This story originally appeared in Wired magazine
A Man out of Time
Science fiction is coming to life in one professor’s laboratory.
Professor Ronald Mallet is always late. And, just so you know that physics professors are no different from the rest of us, he has tried that old trick of setting the clock five minutes ahead to fool himself into getting out the door—and it didn’t work for him either.
He won’t have this problem once his time machine is up and running. You read that right. Time. Machine. Mallet, a tenured professor at the University of Connecticut, a man well respected in the field of theoretical physics, is working on a time machine and he’s pretty sure it’s going to work.
Mallet built his first time machine back in 1957, when he was 12 years old. His father had died two years previously, and Mallet, the oldest son, had sunk into a deep depression. “It completely turned my world into a black hole,” he says, “I didn’t care if I lived or died. Everything seemed unimportant.” That all changed when he walked into a local drugstore in Altoona, Pennsylvania, and spotted a copy of HG Wells’s classic, The Time Machine. “I realized that I could go back in time and see my father again,” he says. “I could tell him what was going to happen and maybe change his fate and bring him back to life.”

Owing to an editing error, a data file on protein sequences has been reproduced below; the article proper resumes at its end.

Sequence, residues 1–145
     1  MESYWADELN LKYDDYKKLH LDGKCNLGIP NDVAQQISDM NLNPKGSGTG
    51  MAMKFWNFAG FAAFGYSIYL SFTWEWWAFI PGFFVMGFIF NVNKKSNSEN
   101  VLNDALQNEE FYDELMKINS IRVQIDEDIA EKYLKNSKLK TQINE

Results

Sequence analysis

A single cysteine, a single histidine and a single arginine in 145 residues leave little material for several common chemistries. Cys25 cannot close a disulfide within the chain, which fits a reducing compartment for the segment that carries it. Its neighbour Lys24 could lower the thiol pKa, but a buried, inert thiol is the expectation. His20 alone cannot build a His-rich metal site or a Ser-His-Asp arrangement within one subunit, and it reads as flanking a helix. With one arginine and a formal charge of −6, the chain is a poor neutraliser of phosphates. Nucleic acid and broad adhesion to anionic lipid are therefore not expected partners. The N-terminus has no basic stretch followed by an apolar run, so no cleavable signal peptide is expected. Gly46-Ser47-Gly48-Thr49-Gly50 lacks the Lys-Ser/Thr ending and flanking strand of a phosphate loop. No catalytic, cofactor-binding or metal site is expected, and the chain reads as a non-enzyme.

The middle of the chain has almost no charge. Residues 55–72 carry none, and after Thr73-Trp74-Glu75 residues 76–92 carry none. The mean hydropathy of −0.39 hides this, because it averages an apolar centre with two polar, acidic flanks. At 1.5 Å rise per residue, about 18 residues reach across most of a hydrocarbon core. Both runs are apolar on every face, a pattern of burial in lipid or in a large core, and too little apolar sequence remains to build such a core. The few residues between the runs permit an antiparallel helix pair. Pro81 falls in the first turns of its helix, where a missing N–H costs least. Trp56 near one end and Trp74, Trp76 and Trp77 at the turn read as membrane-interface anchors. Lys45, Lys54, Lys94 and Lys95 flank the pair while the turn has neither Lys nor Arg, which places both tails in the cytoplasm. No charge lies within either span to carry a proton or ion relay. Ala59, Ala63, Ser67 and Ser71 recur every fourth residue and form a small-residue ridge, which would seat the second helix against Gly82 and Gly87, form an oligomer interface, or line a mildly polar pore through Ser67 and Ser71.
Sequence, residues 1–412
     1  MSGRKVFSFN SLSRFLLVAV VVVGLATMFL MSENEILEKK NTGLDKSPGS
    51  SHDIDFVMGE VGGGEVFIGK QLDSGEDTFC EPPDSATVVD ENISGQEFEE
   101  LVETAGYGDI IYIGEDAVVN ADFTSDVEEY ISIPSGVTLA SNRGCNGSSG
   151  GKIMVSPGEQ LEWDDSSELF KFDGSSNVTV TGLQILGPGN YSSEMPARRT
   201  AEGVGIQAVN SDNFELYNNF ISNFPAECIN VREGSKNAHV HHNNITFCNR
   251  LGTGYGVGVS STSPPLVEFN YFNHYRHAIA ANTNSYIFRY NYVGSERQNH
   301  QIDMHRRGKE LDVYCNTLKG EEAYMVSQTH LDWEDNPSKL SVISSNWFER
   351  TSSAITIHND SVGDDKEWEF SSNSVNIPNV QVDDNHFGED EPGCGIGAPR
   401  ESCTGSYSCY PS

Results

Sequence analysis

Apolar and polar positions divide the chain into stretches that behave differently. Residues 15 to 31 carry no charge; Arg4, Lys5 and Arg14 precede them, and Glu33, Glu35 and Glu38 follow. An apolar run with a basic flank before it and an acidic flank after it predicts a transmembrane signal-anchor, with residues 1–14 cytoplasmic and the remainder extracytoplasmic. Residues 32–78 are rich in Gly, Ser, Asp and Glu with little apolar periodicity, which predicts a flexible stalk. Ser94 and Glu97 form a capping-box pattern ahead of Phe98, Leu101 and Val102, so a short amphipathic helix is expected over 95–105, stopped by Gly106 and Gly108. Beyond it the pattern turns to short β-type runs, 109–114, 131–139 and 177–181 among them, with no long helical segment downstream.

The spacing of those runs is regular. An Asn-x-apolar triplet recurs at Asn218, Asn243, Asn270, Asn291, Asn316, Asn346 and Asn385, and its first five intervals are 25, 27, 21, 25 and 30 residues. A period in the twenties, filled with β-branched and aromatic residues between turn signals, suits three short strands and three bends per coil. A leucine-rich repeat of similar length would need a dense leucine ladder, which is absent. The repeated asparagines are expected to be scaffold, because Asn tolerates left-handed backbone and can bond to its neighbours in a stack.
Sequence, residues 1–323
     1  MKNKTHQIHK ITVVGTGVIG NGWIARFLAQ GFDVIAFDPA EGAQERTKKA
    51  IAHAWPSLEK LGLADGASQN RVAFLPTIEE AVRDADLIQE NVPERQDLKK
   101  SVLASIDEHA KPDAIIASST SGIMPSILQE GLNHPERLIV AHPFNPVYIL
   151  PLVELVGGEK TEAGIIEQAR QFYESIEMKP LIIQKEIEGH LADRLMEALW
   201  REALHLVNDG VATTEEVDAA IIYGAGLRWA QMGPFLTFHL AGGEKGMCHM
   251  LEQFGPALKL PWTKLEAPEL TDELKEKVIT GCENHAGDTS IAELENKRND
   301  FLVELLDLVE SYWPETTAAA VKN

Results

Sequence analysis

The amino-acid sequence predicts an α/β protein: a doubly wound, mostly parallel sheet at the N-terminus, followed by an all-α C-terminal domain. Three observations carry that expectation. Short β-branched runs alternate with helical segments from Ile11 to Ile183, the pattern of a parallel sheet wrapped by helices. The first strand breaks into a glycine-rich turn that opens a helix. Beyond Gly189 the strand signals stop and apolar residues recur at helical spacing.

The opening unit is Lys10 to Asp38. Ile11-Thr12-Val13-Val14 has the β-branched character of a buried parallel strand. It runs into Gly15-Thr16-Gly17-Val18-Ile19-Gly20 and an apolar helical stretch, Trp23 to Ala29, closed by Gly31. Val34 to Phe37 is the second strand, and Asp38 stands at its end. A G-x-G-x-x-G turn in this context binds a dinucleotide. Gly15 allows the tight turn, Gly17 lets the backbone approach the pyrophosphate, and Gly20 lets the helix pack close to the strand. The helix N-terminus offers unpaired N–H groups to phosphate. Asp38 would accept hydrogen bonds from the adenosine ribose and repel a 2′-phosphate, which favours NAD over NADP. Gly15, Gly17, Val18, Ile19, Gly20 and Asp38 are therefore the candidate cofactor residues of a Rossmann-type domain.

The scientific aspect of Wells’s story was what inspired Mallet. “The thing that struck me about it is that it was a machine doing the traveling,” he recalls. “All of the time travel stories I had read before were about people getting bumps on their head or hit by lightning.” Mallet, who had learned a bit about electronics by watching his father, a television repairman, immediately set to work. The preteen assembled and wired together various radio receivers, television parts, and pipes—he even included some old car tires to function as landing gear.
The machine’s failure to work did not discourage the young inventor. “I knew I was going to have to learn a lot more in order to succeed,” he recalls. And so Ronald Mallet set about on his life’s work. He joined the army in order to pay for college, and spent all of his spare time reading up on Einstein and other physicists. “I knew I had to learn how to develop the equations so I could learn how to control space and time,” he says. “And the people who know how to do that are physicists.”
Throughout his academic career, Mallet hid his time machine goal from colleagues and even close friends. “I didn’t want to deal with the skepticism,” he explains, “and I knew if I wanted to get tenure and become a full professor, saying that ‘Guess what, I want to build a time machine,’ meant I wouldn’t have lasted even a probationary year.” While keeping his secret, he rose through the ranks, earning his PhD from Penn State in 1973 (one of only 79 African Americans to do so at the time, among 20,000 physicists in the US), achieving tenure in 1980 at the University of Connecticut, and publishing many well received papers on topics like “Symmetry Breaking and the Gravitational Field,” “Position Operators in a (3+1) DeSitter Space, and “The Inverse Einstein-Infeld-Hoffman Problem.” He developed a ‘cover story’ that he was researching black holes, noting that “In the physics community, black holes are considered legitimate crazy, as opposed to time travel, which at that time was considered crazy crazy.” But by studying black holes, which affect time through their strong gravitational force, he was able to keep the dream of seeing his father alive as he worked and began a family.